Global road fatalities remain unacceptably high and rethinking mobility is the only solution

A busy road in Bangkok, Thailand with many types of road users.
A busy road in Bangkok, Thailand with many types of road users.

Historically, roads have prioritized the movement of cars and trucks, while facilities for pedestrians and cyclists have typically been an afterthought. This one-sided and, ultimately, misguided approach led to more and more people preferring to get around in personal vehicles rather than using public transport, cycling, or walking. The phrase “build it, and they will come” rang true. 

The impact has been devastating. In the roughly 150 years since the first motor vehicle death was officially recorded, tens of millions of people have been killed in road crashes. The magnitude of this crisis is enormous, especially if one also considers the hundreds of millions seriously injured in the same period. 

Vulnerable road users such as pedestrians and cyclists are most at risk, and together with motorcyclists account for more than half the deaths on the world’s roads each year. These unprotected road users are also the least likely to harm others on the roads.


The Global Road Safety Facility interviewed World Bank leaders to ask why road safety is a key priority.


As a road engineer, it is painful to admit that road transport accounts for 97% of fatalities from all modes of transport and is the leading cause of death globally for young people. Road fatalities are equivalent to seven large passenger planes crashing every day. If there were anything near this number of daily fatalities in the aviation industry, would you still fly? 

Road safety also has severe yet hidden implications for growing economies: road crashes cost low- and middle-income countries the equivalent of roughly 6 percent of annual GDP, on average, due to lost economic activity and significant public healthcare expenses. 

Despite a United Nations Decade of Action from 2011 to 2020 that aimed to halve global road deaths over that 10-year period, the crisis has only worsened in absolute terms. The WHO estimates that 1.35 million people are dying yearly on the roads—100,000 above the 2011 baseline of 1.25 million. We need to do better.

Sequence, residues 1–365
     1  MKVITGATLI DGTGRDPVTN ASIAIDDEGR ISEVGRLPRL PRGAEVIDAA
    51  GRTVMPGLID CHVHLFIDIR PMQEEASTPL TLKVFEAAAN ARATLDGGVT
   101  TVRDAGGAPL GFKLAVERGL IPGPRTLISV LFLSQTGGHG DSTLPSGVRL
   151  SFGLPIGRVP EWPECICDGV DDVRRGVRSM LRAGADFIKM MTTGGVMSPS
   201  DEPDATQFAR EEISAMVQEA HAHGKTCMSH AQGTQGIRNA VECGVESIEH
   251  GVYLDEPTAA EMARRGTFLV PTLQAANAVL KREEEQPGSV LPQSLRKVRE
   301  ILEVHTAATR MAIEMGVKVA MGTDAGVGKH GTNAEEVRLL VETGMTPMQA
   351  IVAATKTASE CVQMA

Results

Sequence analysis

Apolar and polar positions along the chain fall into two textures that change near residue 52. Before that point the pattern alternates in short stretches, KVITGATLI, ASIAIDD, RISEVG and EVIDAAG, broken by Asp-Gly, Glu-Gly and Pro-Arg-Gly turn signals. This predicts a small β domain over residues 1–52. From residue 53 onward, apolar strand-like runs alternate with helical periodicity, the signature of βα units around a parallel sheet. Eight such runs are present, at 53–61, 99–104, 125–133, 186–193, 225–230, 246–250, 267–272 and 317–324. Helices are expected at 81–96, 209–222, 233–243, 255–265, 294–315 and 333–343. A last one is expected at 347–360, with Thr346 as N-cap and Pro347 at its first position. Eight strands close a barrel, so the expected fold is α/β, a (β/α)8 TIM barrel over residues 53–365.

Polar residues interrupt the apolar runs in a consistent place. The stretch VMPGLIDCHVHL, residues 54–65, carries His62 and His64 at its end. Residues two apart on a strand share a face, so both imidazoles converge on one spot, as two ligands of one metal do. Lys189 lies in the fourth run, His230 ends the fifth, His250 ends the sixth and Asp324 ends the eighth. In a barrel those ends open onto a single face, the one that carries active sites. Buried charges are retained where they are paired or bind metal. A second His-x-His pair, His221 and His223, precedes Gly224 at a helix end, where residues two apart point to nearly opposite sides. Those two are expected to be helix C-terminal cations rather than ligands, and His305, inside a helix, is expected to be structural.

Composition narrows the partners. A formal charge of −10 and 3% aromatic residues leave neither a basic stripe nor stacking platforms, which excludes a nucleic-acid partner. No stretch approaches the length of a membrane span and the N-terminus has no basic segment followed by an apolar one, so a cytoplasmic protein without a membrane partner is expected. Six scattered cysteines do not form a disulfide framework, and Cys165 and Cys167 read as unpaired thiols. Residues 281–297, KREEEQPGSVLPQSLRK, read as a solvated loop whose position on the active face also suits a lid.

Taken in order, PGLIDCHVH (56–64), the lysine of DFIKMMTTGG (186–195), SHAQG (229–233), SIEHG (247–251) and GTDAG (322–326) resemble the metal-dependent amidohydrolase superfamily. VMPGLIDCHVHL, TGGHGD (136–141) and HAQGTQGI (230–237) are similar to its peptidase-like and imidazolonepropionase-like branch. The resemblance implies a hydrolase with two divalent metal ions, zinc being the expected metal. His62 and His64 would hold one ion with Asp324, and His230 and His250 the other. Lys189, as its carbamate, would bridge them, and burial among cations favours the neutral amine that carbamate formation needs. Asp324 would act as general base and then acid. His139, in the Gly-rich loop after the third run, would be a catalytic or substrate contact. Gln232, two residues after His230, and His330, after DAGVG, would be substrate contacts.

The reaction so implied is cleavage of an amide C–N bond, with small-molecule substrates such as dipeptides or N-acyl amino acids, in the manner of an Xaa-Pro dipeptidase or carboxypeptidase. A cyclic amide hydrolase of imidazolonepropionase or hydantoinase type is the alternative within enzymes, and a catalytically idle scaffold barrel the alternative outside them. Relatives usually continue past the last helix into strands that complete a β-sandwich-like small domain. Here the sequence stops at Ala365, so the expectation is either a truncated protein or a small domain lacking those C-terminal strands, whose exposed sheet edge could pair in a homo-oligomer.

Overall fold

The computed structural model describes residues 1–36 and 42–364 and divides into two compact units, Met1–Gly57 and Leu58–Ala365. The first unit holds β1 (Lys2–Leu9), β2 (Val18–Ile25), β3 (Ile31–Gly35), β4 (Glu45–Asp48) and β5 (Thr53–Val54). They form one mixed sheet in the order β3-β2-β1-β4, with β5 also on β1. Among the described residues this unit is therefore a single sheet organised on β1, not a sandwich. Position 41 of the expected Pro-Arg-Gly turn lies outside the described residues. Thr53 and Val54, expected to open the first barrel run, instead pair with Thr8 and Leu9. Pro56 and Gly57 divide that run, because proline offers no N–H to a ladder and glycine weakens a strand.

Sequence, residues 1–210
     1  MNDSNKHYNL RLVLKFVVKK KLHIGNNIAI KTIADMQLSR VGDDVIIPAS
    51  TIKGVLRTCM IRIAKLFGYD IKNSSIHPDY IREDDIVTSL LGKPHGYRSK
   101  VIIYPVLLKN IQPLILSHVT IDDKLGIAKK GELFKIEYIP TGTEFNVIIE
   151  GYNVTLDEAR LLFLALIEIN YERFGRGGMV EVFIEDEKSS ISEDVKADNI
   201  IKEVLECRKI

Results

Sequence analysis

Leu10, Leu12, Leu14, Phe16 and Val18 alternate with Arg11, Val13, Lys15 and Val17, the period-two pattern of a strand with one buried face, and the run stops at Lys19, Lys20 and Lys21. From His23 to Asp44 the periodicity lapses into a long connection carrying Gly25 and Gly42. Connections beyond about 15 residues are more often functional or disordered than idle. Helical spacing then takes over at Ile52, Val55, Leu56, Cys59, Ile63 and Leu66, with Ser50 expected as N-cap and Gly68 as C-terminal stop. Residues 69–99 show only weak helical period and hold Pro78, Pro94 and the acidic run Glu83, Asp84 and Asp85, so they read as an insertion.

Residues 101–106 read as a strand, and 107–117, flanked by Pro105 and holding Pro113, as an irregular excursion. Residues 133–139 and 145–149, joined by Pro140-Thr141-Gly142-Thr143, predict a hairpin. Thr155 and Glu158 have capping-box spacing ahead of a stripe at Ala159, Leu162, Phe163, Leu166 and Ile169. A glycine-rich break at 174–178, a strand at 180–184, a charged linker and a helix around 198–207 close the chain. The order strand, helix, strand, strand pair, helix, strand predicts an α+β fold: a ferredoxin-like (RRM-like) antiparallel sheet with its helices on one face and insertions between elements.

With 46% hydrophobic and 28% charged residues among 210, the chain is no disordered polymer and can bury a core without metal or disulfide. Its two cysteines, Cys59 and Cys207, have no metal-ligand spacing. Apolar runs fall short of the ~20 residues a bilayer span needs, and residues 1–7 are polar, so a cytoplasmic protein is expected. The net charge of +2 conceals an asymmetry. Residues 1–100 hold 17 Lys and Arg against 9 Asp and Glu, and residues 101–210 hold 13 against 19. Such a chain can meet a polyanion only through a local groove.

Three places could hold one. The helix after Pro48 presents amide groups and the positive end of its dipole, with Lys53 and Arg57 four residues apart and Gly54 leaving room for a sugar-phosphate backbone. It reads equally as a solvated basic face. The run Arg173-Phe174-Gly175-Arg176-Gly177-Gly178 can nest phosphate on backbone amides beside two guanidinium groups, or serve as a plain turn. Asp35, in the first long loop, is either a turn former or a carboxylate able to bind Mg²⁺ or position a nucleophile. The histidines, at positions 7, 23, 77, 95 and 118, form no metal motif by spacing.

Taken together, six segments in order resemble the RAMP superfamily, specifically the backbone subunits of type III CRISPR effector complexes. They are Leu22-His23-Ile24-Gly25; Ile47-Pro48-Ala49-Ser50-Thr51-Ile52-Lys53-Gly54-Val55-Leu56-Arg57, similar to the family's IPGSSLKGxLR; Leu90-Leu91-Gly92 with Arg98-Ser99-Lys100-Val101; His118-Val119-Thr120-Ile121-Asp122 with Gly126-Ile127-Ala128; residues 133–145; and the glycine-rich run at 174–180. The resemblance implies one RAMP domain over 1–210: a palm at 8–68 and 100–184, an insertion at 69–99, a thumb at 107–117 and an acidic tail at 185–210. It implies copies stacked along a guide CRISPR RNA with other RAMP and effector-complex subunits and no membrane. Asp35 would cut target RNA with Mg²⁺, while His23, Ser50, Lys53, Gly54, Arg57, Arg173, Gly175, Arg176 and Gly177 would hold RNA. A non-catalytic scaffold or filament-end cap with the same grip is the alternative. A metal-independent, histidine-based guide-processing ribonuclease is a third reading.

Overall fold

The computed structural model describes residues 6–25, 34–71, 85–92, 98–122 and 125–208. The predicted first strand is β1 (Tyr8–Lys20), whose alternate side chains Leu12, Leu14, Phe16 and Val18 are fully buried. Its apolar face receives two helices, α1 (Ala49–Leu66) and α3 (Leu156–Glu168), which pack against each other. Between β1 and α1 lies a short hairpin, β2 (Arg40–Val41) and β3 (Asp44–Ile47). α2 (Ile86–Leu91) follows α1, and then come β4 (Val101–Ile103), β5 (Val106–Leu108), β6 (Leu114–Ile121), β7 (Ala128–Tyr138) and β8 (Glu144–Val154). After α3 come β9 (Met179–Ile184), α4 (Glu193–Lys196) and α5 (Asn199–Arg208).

A Second Decade of Action proclaimed in 2020, has taken over the target of halving global road fatalities over 10 years—this time by 2030—and encourages governments and stakeholders to act boldly using knowledge gained from the previous Decade of Action. The only way to do so is to #RethinkMobility, which is the theme of this year’s United Nations Global Road Safety Week (May 15-22).

Fundamentally, we need to shift our thinking from moving vehicles to moving people. To do that, we need a new mobility hierarchy that prioritizes people above vehicles, and that values safety, sustainability, and inclusion above all else.  And if we are to significantly reduce the yearly fatality rate, we need to do more than just discard the old “car-first” mindset—we must also match this people-centric approach with a massive increase in investment.


A  ?flipped? mobility pyramid for prioritizing transport modes, based on vulnerability of road users.

A  ”flipped” mobility pyramid for prioritizing transport modes, based on vulnerability of road users.


To help ensure this second decade of action is more successful than the first, there is an urgent need to improve safety for pedestrians and cyclists and prioritize walkability in urban areas, especially as urbanization rates in low- and middle-income countries remain high. Boosting investment in safe, inclusive, and sustainable mobility infrastructure will be crucial in reducing the number of road fatalities worldwide. It will also come with additional benefits. Encouraging a shift to walking, cycling, and other physically active ways of getting around not only plays an important role in improving road safety, it also contributes to reducing transport emissions, improving local air quality, decreasing traffic congestion, and lowering obesity rates.

Also critical will be mainstreaming the “Safe System” approach to road safety, which focuses on preventing fatal crashes and reducing the severity of injuries when collisions do occur. By recognizing that humans are fallible and will inevitably make mistakes, the Safe System approach promotes a holistic road mobility system with many built-in redundancies that is forgiving of driver error and greatly reduces the risk of serious injury or death.



Principles of the “Safe System” approach to road safety

The World Bank’s Global Road Safety Facility (GRSF) is working closely with partners to pioneer people-first road safety solutions and catalyze road safety investments in low- and middle-income countries. To mark the 7th UN Global Road Safety Week, GRSF has put together a page of resources related to the #RethinkMobility theme and is highlighting its work in the Philippines, Vietnam, Ethiopia, and Bolivia promoting safe mobility for all road users. Let’s #RethinkMobility together to ensure that road users all over the world can get to where they’re going, safely. 

With thanks for contributions to Benjamin Holzman and Hanayo Taguchi.


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